(In this particular case, I suspect there might actually be a more beautiful, non-distribution specific story to be told in terms of superposition. But that's another topic.)

One interesting thing this suggests is that a "global story" should be able to be "bound" to a distribution to create an in-distribution account. For example, if one has a list of binding affinities for different chemicals, and knows that only a certain subset will be present at the same time, one can produce a summary of which will block each other.

While we're on the topic, it's perhaps useful to more directly describe my concerns about distribution-specific understanding of models, and especially narrow-distribution understanding of the kind a lot of work building Causal Scrubbing seems to be focusing on.

It seems to me that this kind of work is very vulnerable to producing fragile understandings of models which break on a wider distribution due to interpretability illusion type issues.

As one concrete example from my own experience, in the early days of Anthropic I looked into how language models perform arithmetic by only looking at model behavior only on arithmetic expressions. Immediately, lots of interesting patterns popped out and some interesting partial stories began to emerge. However, as soon as I returned to the full training distribution, the story fell apart. All the components I thought did something were doing other things – often primarily doing other things – on the full distribution. Of course, this was a very casual investigation and not anywhere near as rigorous as the causal scrubbing work. But while I'm sure there were ways my understanding on distribution was incomplete, I'm 100x more worried about the fact that it was clearly misleading about the general situation. (My strong suspicion is that there is a very nice story here, but it's deeply intertwined with superposition and we can't understand it without addressing that.)

With that said, I'm very excited for people to be taking different approaches to these problems. My concerns could be misplaced! I definitely think that restricting to a narrow distribution allows one to make a lot of progress on that type of understanding.

[-]BuckΩ798

I’m sympathetic to many of your concerns here.

It seems to me like the induction head mechanism as described in A Mathematical Framework is an example of just looking at what a part of a model does on a particular distribution, given that those heads also do some unspecified amount of non-induction behaviors with non-induction mechanisms, as eg discussed here https://www.alignmentforum.org/posts/Si52fuEGSJJTXW9zs/behavioral-and-mechanistic-definitions-often-confuse-ai . (Though there’s a big quantitative difference—the distribution where induction happens is way bigger than eg the distribution where IOI happens.) Do you agree?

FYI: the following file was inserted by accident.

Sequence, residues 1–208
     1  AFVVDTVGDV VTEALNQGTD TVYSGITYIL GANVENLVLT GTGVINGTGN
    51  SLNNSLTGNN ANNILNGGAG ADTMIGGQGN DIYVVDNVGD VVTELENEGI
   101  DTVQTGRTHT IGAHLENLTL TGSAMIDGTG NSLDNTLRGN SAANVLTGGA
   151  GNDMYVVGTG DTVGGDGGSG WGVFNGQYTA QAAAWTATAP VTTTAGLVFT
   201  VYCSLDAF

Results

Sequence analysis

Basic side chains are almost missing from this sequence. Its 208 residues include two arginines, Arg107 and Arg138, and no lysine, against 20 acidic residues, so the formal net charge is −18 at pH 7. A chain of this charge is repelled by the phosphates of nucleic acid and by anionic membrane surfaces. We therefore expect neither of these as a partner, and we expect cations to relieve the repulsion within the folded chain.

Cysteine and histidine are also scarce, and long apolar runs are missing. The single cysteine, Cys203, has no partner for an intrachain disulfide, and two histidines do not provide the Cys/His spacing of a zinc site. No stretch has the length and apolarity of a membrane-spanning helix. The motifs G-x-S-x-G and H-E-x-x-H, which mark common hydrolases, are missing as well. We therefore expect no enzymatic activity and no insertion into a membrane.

I moderately disagree with this? I think most induction heads are at least primarily induction heads (and this points strongly at the underlying attentional features and circuits), although there may be some superposition going on. (I also think that the evidence you're providing is mostly orthogonal to this argument.)

I think if you're uncomfortable with induction heads, previous token heads (especially in larger models) are an even more crisp example of an attentional feature which appears, at least on casual inspection, to typically be monosematnically represented by attention heads. :)

As a meta point – I've left some thoughts below, but in general, I'd rather advance this dialogue by just writing future papers.

(1) The main evidence I have for thinking that induction heads (or previous token heads) are primarily implementing those attentional features is just informally looking at their behavior on lots of random dataset examples. This isn't something I've done super rigorously, but I have a pretty strong sense that this is at least "the main thing".

(2) I think there's an important distinction between "imprecisely articulating a monosemantic feature" and "a neuron/attention head is polysemantic/doing multiple things". For example, suppose I found a neuron and claimed it was a golden retriever detector. Later, it turns out that it's a U-shaped floppy ear detector which fires for several species of dogs. In that situation, I would have misunderstood something – but the misunderstanding isn't about the neuron doing multiple things, it's about having had an incorrect theory of what the thing is.

It seems to me that your post is mostly refining the hypothesis of what the induction heads you are studying are – not showing that they do lots of unrelated things.